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Feven Getachew
Feven Getachew
May 6, 2024
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Michael Lozada
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Nathan Hoffman
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Harvey Wilhelm `24.
Harvey Wilhelm
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Surprising symposium looks at, what else – corn

This week, Grinnell played host to a three-day line up of events revolving around Iowa’s biggest economic asset. “Corn Belts: Iowa and International Agriculture,” sponsored by the Rosenfield Program, Center for Prairie Studies and Center for International Studies lasted for three days, during which it informed listeners in JRC 101. The week of events began with a brief introduction to Tuesday’s speaker, Kendall Lamkey of the United States Department of Agriculture, by Professor David Harrison, French, who stressed that corn is an integral, though often overlooked, part of our day to day life.

Corn Symposium
Photograph by Radka Slamova

“We wanted to provoke thoughts regarding—how do methods for growing corn in Iowa compare to those around the world, what are the economic and social consequences of the way we grow corn?” Harrison said. “The focus of all the talks is, how can we link the needs of those within our local area, and those around the world.”

The marathon began Tuesday evening with “The Origin, Production and Utilization of Corn,” presented by Lamkey. He discussed the different areas of work his job in the agronomy department at Iowa State University includes. He also stressed that corn is not the only component of Iowa’s agriculture, but that it is also number one in the nation in soybeans, ethanol and pork production. He also presented his ideas regarding the future of Iowa’s agriculture.

“We can solve some of the issues of production by including more perennials,” Lamkey said. “We need to look at the water issues, and we should have more grasslands.”

The events took an international angle on Wednesday afternoon at 4:15, when Daniela Soleri from the University of California Santa Barbara, and Carmen Martinez Novo, author of Who Defines Indigenous?, presented.

Soleri gave a speech called “Views from the Campo: Traditional Maize Agriculture in Oaxaca, and Martinez Novo gave one called “Notes on Subsistence Agriculture and Food Sovereignty in Ecuador.”

Later in the day, Ford Runge, Distinguished McKnight University Professor of Applied Economics at the University of Minnesota, gave a speech titled “Rivers of Gold: Where does corn flow and does it make sense?”

His talk touched on various economic issues regarding how the US government should enhance the corn business.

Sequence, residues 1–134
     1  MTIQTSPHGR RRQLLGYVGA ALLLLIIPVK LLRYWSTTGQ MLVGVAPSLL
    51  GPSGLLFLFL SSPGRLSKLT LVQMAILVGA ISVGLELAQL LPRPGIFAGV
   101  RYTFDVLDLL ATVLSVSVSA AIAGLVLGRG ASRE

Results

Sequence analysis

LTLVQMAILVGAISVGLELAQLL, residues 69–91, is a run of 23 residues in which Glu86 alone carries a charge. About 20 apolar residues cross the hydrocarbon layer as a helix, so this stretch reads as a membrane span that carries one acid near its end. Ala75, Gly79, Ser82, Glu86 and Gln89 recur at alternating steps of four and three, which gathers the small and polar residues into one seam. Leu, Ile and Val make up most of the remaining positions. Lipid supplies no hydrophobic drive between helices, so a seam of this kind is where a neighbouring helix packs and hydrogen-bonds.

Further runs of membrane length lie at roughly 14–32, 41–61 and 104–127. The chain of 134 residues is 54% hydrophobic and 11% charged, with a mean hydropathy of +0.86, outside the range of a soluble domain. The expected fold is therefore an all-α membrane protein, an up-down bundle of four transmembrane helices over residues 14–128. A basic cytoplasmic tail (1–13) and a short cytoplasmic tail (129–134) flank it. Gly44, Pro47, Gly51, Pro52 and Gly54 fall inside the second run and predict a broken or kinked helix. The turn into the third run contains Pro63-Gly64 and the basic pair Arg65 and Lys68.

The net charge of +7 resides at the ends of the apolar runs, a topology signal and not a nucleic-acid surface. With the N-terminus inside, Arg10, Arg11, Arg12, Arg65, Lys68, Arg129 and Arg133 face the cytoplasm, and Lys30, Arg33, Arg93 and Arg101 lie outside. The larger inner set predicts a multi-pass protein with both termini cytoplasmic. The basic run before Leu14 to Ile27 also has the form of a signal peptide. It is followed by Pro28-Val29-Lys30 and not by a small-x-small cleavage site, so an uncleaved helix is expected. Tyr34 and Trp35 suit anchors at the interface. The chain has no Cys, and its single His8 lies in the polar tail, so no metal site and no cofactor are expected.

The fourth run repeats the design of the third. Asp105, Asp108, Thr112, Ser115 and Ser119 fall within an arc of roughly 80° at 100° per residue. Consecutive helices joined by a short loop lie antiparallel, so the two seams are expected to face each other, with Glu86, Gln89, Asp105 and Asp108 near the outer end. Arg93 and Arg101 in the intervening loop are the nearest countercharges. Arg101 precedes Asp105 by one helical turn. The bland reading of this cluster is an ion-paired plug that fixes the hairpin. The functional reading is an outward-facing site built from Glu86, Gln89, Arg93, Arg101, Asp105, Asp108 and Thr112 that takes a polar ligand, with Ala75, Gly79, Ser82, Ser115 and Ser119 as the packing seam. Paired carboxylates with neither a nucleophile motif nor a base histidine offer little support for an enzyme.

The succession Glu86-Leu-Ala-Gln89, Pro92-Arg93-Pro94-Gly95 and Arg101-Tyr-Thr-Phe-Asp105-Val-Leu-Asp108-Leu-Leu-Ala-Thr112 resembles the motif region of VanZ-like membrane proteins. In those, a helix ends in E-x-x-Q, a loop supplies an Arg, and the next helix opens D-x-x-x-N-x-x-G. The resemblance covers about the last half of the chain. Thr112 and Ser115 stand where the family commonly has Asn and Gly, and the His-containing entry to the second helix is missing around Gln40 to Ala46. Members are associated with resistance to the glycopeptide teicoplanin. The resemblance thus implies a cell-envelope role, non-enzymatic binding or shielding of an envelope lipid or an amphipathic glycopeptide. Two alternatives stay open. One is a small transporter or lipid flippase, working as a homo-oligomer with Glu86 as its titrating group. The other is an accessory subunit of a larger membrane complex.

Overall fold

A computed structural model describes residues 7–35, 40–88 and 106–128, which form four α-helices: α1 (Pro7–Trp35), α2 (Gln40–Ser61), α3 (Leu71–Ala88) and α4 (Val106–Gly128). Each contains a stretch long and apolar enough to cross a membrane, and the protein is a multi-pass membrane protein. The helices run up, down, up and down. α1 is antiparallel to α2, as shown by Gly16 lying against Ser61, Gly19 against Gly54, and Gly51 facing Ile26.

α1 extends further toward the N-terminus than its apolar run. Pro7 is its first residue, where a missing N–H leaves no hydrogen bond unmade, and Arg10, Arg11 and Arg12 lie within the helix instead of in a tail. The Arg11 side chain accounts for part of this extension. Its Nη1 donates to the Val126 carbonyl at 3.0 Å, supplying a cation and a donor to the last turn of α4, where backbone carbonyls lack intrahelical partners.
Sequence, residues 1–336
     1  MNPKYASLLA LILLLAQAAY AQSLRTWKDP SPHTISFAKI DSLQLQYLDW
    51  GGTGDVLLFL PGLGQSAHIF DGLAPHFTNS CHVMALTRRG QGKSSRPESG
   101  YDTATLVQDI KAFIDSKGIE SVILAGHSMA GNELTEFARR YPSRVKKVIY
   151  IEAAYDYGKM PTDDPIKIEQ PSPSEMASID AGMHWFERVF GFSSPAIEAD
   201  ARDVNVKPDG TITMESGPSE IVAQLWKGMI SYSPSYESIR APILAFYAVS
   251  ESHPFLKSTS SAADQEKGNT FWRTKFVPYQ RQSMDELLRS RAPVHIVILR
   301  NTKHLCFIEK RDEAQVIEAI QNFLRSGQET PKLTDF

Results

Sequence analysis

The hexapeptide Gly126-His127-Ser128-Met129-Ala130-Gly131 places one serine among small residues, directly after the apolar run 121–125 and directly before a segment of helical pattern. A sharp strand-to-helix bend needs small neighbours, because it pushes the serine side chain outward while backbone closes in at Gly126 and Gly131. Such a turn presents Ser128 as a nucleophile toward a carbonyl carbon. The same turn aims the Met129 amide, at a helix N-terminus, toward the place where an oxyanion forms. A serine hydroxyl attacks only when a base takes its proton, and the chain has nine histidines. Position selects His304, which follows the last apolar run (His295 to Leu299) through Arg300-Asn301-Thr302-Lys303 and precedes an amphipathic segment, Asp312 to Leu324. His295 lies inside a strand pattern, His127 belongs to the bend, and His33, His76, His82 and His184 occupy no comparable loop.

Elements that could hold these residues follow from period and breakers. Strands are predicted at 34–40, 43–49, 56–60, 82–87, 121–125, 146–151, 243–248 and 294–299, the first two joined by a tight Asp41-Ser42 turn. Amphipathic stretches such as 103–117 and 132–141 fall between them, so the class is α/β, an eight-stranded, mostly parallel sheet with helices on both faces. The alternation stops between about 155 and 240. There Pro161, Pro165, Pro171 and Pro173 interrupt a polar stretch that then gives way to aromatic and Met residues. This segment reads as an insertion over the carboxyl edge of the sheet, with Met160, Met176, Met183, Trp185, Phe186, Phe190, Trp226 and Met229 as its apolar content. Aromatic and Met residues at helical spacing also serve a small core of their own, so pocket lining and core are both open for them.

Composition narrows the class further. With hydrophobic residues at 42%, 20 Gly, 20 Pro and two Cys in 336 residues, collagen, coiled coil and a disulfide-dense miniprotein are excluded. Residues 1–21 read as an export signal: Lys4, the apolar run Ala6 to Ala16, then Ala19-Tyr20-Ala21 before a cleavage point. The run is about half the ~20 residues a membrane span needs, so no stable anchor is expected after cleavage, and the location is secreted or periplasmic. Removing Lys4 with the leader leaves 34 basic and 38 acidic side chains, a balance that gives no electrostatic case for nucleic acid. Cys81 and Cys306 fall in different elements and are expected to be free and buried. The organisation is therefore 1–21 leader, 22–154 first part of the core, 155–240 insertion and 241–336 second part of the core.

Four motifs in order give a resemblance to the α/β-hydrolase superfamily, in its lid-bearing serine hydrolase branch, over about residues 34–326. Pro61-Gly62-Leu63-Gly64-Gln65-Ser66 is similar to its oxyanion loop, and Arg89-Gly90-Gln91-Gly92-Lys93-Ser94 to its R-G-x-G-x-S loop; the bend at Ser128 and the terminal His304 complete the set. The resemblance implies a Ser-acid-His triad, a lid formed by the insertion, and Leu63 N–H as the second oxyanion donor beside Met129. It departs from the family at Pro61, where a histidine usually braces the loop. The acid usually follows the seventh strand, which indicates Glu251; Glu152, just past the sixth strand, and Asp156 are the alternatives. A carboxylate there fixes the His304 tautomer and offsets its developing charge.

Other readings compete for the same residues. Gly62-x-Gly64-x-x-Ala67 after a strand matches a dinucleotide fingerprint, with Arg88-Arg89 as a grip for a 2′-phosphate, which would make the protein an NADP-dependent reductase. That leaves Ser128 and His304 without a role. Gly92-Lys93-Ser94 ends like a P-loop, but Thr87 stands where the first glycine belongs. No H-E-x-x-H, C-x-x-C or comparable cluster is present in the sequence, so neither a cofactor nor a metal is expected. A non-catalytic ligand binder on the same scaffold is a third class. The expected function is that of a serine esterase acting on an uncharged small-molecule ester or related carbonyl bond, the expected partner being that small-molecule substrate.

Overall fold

“Policies are based on regional factors, that’s why senators as ideologically diverse as Grassley and Harkin are locked up in support of subsidizing corn production—it’s because they are from Iowa,” Runge said. Additionally, he claimed that the corn business is mainly a two-country game between Brazil and the US and that the US is striving to gain the upper hand.

On Thursday afternoon James McCann, Professor of History, African Studies Center at Boston University presented on “Corn: Africa’s Story in Four Acts.”

He began with saying, “I grew up surrounded by the crop in my own backyard, and it is rather unique that I came to think of it in the African context.”

He went on to elaborate on the first act, “Naming the Stranger,” where he explained what the first encounter with corn in Africa was like. He discussed how at first there were lots of different types of corn, that there wasn’t one name for it, and that Europeans thought that it was some kind of chickpea.

The second act was “Biodiversity in African Maize-1990,” in which he elaborated on how we have seen an elimination of diversity and everyone began growing exclusively white maize in the 80s.

Act three, titled “Breeding the Modern: SR-52,” brought the discussion to a discovery made in 1958, where Southern Cross was combined with Salisbury White to get a Maize miracle.

Finally, the fourth act was “Unintended Consequences: Maize and Malaria,” where the discussion turned to the fact that maize in Africa has significantly increased the larval survival rate to 93 percent.

The last message the convocation speaker imparted was that all in attendance imagine themselves fifty years from now, in 2060, when maize will be the number one crop and there will be many unforeseeable consequences and benefits as a result.

The final day of the corn symposium began with a panel of speakers featuring Professor Jon Andelson, Anthropology, local farmer Mak Dimit, President of Iowa Farm Bureau Craig Lang and Matias Mino Navarette of Mansanto Corp.

Fred Kirschenmann of Iowa State University got the final word with his talk titled, “Corn and the Sustainability of Iowa Agriculture.” Though the corn symposium ended there, the dialogue about issues of corn production, global politics regarding corn and the various others brought up in these talks and discussions will hopefully continue to flourish.

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